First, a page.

Scottsdale Councilman's 'I Can't Breathe' Comments Leads To Calls For Resignation
Just flat out wrong. Despicable doesn’t go far enough. The final words of George Floyd should NEVER be invoked like this. Anyone who mocks the murder of a fellow human has no place in public office. Period. https://t.co/l0wyVE2BP4— Doug Ducey (@dougducey) June 25, 2020
MARK BRODIE: A comment made at a rally opposing Scottsdale's mask mandate has generated national attention and has led to calls for a city councilman's resignation. Scottsdale City Councilman Guy Phillips, wearing a mask on stage, said, "I can't breathe," before taking the mask off. Those are, of course, the last words George Floyd said as a Minneapolis police officer knelt on his neck, killing him. They've also become a rallying cry since in protests against police violence and systemic racism. Wayne Schutsky, managing editor of The Scotsdale Progress, was at that rally and joins me to talk more about it. And Wayne, first off, set the scene for us, please. What exactly was the purpose of that gathering, and who was there?
WAYNE SCHUTSKY: So, the gathering was put in place by Councilman Guy Phillips to protest Scottsdale's mask mandate. Scottsdale and many other surrounding communities have put those mandates into effect to combat the spread of the coronavirus, meaning folks would have to wear masks in most public places. So Councilman Phillips was obviously there. Senator, State Sen. Michelle Ugenti-Rita (R-Scottsdale) was there. And Daniel McCarthy, who is running for Senate, was also there, along with 100 to 200 folks who supported that protest.
BRODIE: Now, the moment that I think most people will recognize from that rally was when Councilman Guy Phillips got up on stage. He was wearing a mask and he said, "I can't breathe," which was, of course, the last words that George Floyd said before he died, before a police officer killed him in Minneapolis. What was the reaction in the crowd when he said that and then when he took his mask off?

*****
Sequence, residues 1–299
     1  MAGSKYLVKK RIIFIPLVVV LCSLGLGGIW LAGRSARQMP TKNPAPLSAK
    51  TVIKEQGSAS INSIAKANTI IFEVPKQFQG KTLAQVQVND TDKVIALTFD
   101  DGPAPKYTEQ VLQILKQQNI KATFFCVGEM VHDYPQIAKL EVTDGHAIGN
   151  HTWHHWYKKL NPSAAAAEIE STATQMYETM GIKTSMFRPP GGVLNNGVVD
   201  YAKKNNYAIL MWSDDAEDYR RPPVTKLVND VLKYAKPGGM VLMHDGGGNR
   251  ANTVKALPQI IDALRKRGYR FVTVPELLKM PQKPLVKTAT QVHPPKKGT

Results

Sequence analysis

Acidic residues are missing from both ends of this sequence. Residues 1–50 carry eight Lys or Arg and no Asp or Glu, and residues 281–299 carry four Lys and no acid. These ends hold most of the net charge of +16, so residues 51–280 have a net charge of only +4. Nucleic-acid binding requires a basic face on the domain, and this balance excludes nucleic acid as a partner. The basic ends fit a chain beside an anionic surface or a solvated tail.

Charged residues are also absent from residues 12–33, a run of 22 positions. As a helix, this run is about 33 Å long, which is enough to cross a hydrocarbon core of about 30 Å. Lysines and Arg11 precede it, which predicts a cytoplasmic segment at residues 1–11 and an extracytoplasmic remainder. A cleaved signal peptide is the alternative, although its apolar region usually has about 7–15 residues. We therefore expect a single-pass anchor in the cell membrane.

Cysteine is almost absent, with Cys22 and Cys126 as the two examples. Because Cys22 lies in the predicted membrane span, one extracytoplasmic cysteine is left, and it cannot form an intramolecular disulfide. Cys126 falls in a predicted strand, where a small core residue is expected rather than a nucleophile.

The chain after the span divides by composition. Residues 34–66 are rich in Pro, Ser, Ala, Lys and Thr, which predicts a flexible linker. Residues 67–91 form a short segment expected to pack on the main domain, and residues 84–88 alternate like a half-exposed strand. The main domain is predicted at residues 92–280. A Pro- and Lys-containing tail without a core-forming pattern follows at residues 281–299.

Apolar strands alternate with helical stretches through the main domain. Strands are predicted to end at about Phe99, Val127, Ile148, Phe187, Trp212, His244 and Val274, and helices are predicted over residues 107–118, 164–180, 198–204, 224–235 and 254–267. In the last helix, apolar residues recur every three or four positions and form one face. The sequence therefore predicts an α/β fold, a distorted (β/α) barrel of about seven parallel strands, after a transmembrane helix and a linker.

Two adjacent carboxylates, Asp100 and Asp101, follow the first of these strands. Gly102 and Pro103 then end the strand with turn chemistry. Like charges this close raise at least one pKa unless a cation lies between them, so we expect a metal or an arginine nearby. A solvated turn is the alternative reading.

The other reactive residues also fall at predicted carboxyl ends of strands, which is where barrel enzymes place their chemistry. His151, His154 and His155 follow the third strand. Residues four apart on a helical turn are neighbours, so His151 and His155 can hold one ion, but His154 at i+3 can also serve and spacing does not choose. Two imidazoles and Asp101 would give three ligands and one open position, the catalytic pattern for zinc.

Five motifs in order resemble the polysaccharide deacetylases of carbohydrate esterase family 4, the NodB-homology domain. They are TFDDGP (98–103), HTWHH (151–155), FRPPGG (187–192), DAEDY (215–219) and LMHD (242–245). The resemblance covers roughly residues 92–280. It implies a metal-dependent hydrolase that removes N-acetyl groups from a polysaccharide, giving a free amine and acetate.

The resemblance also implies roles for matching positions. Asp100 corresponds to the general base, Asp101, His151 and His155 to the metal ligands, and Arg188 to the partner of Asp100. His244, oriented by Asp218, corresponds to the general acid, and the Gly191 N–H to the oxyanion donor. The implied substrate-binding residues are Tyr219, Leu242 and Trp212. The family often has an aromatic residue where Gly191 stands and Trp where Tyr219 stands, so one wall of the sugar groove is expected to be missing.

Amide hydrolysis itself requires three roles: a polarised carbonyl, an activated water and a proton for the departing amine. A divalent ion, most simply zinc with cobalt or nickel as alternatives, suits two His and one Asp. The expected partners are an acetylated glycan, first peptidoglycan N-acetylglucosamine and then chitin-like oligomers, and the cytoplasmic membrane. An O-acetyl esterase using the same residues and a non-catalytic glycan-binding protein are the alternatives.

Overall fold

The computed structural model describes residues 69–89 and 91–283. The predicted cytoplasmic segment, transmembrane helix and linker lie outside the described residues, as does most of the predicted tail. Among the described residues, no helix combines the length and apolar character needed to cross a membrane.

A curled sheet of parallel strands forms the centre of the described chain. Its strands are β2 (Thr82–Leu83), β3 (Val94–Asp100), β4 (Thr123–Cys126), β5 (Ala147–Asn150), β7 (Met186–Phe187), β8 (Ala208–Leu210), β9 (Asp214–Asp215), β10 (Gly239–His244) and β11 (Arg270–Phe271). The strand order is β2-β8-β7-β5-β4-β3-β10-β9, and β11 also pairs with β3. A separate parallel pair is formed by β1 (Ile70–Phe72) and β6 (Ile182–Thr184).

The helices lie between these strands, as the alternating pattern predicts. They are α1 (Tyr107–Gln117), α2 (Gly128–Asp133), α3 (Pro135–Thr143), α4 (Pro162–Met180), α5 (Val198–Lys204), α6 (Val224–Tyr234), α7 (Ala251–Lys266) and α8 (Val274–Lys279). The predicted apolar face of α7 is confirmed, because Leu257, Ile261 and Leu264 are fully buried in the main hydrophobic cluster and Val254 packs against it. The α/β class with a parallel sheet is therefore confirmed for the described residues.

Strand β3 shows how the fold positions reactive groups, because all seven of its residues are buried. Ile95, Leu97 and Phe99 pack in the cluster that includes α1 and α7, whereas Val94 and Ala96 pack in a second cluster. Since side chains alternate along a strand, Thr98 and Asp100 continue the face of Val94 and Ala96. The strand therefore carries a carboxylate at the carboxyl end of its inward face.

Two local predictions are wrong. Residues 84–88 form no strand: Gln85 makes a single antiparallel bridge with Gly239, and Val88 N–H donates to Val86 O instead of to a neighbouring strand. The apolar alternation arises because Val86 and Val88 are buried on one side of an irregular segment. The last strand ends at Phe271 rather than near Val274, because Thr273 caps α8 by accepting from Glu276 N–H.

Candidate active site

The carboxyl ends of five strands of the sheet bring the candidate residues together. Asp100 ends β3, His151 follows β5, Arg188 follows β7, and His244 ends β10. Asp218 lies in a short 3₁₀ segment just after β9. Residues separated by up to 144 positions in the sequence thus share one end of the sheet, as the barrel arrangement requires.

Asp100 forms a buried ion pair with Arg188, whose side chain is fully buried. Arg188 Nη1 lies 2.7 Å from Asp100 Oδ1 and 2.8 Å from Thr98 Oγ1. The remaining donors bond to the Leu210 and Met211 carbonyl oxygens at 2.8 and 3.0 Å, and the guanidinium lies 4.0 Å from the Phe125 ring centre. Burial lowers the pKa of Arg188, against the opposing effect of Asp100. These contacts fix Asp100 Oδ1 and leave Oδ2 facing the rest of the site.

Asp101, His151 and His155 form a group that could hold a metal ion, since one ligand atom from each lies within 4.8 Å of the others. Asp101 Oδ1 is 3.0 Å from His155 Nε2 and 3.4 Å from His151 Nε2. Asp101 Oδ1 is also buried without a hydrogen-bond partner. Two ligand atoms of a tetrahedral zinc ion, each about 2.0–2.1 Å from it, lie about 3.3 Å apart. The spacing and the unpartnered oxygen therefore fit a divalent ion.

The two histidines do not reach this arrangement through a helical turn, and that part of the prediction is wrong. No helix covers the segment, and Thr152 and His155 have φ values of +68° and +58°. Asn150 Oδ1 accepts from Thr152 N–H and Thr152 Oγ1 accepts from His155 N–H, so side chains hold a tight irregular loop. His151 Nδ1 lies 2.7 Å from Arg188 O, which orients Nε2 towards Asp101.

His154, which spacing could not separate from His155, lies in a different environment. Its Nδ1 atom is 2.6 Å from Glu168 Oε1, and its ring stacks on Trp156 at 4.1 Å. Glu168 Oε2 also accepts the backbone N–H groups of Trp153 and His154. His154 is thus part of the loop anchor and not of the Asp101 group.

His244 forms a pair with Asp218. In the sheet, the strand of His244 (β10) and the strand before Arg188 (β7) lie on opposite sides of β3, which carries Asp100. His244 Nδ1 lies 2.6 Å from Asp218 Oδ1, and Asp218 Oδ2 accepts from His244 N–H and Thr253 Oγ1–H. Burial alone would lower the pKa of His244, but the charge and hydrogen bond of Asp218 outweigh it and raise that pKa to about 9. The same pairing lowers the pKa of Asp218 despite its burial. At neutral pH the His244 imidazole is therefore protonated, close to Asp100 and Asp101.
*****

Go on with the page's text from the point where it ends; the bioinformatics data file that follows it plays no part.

SCHUTSKY: So the crowd did not seem to react in the same way that we've seen on social media, in the news and amongst much of the communities later on. The crowd was actually already chanting for him to take the mask off. And once the mask came off, there were cheers. No one seemed to be taken aback by those comments as it happened.
BRODIE: Did people seem to understand what he was saying and the reference that he appeared to be making?
SCHUTSKY: It was hard to tell at the time because, you know, he kind of launched right into his speech after he did that. I know I've heard from some of his supporters who have sworn that it was just a reference to the fact that it was difficult to breathe wearing masks. The councilman himself has denied that he was making a reference to George Floyd's death but did issue an apology to George Floyd's family.
BRODIE: I want to ask you about some of the reaction from Republican state lawmakers and federal lawmakers as well. Gov. Ducey said, among other things, "despicable doesn't go far enough.... Anyone who mocks the murder of a fellow human has no place in public office." Martha McSally used the word "despicable" as well. It seems as though the reaction has been pretty swift. And has it been as unanimous as it seems to be on social media?